implementation of the decision (for example: prone position, supine position on the
floor, arms held, seated on bed), number of staff participate (and their gender, where
applicable) and in what way (how personnel use their bodies during implementation).
That documentation of open-area seclusion decisions shows how decisions are
implemented and what this entails for the patient.
To ensure a common documentation practice, it is recommended that:
Clarification is reached on how long holding can last before a decision authorising
physical restraint must be made.
The use of mechanical restraint and physical restraint during the implementation of
involuntary treatment either with medication or nutrition are deemed to be coercive
measures, and that decisions must be entered in records of the use of restraint (Page
64 of the annotated edition of the Mental Health Care Act and the Mental Health Care
Regulations).
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1 Introduction
Society has an overall responsibility for giving all groups of patients the right treatment at the
right time. This is contingent on the continual updating of information about how different
patient groups are safeguarded and treated. There is broad consensus that all use of restraint in
mental health care raises issues relating to ethics, legality, human rights and treatment.
Politicians and health care bureaucrats have repeatedly stressed the importance of reducing
and quality-assuring the use of restraint in mental health care. In order to form sound opinions
on reducing the use of restraint, one must first obtain reliable information about the existing
quality and the prevalence of the use of restraint. Report No 10 (20122013) to the Storting
(Parliament) High Quality Safe Services gives the following description on page 25: The
lack of basic data makes it challenging to monitor developments in the use of restraint in
mental health care. On this basis, the Regional Centre for Research and Education in
Forensic Psychiatry and Psychology for the South-Eastern Norway Regional Health Authority
was commissioned by the Directorate of Health to map the use of restraint and open-area
seclusion in adult mental health care in 2012.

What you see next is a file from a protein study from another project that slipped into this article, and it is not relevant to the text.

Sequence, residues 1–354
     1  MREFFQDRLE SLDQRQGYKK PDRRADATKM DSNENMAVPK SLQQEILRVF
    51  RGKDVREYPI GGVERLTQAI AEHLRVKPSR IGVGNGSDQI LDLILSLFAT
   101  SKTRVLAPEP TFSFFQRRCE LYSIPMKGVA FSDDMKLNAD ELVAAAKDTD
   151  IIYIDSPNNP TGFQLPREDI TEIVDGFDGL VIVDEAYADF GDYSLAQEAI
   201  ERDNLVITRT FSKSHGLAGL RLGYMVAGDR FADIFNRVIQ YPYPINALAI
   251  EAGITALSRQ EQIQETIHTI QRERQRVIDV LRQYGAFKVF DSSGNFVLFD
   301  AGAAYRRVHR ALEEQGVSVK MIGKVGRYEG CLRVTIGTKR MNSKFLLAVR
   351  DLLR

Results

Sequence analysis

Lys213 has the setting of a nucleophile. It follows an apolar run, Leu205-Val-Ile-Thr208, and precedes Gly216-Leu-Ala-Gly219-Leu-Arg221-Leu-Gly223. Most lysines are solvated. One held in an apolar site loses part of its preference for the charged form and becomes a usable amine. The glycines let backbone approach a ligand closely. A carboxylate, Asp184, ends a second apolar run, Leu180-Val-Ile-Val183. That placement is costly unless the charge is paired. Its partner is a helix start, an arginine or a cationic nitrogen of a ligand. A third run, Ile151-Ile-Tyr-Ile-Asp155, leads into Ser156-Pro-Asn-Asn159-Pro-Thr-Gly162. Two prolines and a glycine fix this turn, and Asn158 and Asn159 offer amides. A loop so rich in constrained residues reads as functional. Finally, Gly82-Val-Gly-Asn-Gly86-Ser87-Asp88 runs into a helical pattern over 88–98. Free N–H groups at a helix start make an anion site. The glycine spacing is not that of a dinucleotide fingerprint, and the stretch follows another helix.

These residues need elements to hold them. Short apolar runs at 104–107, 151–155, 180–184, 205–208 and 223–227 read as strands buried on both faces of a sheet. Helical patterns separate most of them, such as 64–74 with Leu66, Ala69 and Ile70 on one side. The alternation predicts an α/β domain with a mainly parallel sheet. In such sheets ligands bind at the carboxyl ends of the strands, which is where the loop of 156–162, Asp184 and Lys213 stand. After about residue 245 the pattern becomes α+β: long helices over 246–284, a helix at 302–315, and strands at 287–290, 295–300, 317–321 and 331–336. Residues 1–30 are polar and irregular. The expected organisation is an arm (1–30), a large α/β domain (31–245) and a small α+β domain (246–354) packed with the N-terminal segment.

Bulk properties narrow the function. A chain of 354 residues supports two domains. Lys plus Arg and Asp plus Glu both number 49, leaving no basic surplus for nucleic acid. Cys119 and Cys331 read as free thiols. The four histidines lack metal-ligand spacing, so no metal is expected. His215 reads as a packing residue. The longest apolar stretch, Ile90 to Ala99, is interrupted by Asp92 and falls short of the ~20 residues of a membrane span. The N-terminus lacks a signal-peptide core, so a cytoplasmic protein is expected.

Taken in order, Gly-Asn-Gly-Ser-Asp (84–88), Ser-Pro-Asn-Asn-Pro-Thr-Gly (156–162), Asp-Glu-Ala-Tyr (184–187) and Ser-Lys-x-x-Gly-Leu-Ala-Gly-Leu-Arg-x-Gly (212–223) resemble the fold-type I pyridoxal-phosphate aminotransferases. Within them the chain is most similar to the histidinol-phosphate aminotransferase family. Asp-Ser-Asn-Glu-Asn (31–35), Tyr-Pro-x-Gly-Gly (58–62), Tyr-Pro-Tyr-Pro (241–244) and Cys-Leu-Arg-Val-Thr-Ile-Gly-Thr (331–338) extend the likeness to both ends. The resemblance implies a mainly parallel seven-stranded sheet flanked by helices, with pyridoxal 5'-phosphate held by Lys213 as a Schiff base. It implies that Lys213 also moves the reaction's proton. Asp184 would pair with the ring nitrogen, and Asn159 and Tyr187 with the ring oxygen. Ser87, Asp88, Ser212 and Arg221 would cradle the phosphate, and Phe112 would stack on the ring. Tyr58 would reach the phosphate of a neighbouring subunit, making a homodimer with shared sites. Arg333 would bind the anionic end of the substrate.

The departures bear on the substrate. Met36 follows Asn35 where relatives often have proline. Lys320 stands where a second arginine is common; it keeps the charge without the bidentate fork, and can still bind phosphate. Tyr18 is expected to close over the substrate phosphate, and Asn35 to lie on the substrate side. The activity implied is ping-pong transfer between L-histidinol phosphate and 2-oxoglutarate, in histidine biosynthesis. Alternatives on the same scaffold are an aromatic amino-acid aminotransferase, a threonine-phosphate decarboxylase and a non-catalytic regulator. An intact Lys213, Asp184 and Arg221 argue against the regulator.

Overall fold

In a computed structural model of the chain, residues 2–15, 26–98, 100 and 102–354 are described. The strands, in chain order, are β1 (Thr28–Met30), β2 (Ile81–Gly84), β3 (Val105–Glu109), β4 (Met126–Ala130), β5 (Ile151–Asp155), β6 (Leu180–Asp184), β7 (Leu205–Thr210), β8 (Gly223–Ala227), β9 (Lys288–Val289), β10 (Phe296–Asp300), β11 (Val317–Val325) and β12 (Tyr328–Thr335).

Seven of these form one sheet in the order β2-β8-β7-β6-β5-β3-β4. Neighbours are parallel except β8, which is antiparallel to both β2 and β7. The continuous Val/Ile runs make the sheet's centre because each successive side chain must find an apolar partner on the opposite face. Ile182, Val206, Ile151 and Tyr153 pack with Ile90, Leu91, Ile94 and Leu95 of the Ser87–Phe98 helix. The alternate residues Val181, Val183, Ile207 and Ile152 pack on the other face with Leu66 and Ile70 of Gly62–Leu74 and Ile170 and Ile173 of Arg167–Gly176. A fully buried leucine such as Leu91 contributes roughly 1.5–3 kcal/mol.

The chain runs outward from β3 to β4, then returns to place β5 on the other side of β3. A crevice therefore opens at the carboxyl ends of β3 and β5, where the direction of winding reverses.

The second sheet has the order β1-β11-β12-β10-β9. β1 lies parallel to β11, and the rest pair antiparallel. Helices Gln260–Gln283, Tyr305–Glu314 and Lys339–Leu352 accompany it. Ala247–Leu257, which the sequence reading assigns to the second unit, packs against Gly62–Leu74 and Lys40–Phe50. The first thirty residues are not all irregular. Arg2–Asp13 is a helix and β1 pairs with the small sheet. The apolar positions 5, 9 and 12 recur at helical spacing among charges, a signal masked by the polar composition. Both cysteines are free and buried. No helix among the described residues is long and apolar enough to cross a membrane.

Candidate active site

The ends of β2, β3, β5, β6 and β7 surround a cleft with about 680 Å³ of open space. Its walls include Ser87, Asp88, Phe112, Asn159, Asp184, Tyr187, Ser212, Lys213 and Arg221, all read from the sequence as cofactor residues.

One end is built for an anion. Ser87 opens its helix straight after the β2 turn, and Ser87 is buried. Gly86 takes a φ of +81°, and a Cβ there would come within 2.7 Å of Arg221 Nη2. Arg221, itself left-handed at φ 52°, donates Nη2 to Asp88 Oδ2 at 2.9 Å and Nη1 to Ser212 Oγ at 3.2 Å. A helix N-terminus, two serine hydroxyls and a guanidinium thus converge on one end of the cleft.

Restraints include: 1. belts, straps and clothing specially designed to prevent injury
(mechanical restraint), 2. pharmacological restraint (short-acting medication), 3. isolation and
4. physical restraint (brief holding). Open-area seclusion is not a form of restraint, but rather a
decision that entails keeping the patient fully or partially separated from other patients and
from personnel not involved in the examination, treatment or care of the patient.
Several official reports have been published over the past 15‒20 years concerning the use of
restraint in mental health care, including Hatling & Krogen (1998) and Høyer & Drange
(1991; 1994). The purpose of many of the reports published since the turn of the millennium
has been to map the annual incidence of the use of coercive measures and, gradually,
seclusion (see Bremnes, Hatling & Bjørngaard, 2008). However, methodology issues
rendered it difficult to make reliable comparisons of the incidence figures in these reports for
the years 2001, 2003, 2005, 2007 and 2009 (see Bjørkly et al., 2011 for further explanation).
One of the objectives for mapping annual incidence as covered by the current report is to
make it comparable with the findings of the previous report (Bjørkly et al., 2011). This means
that we do not give a detailed description of findings from other previous reports. In Chapter 2
Research into the use of restraint in adult mental health care (page 12), we will:
Give a brief summary of main elements from the research status described in the
previous report (Bjørkly et al., 2011).
Present the main findings from a literature review of international publications
dealing with the use of restraint and open-area seclusion in the period 2011-2014.
Provide an overview of Norwegian and Nordic research publications and official
reports dealing with this topic.
Describe the main findings from the previous report (Bjørkly et al., 2011).
9
Legal authority
The Act relating to the Provision and Implementation of Mental Health Care (the Mental
Health Care Act, 1999) and its Regulations govern all use of restraint in mental health care
provision. The use of restraint (Section 4-8) and open-area seclusion (Section 4-3) dealt with
in this report is warranted by Chapter 4 of the Mental Health Care Act and regulated by the
Regulations of 16 December 2011 No 1258 concerning the Provision and Implementation of
Mental Health Care etc. (the Mental Health Care Regulations), Chapter 3 Section 15-30.
Restraint
Institutions must be approved to initiate and implement mental health care. Restraint may also
be used on all admitted patients (voluntarily admitted patients, and patients placed under
compulsory observation or compulsory mental health care).
Restraint shall only be used in respect of the patient when this is absolutely necessary
to prevent him or her from injuring himself or herself or others, or to avert significant
damage to buildings, clothing, furniture or other things. Restraint shall only be used
when milder means have proved to be obviously futile or inadequate. (the Mental
Health Care Act Section 4-8).
The Act goes on to describe which forms of restraint may be used: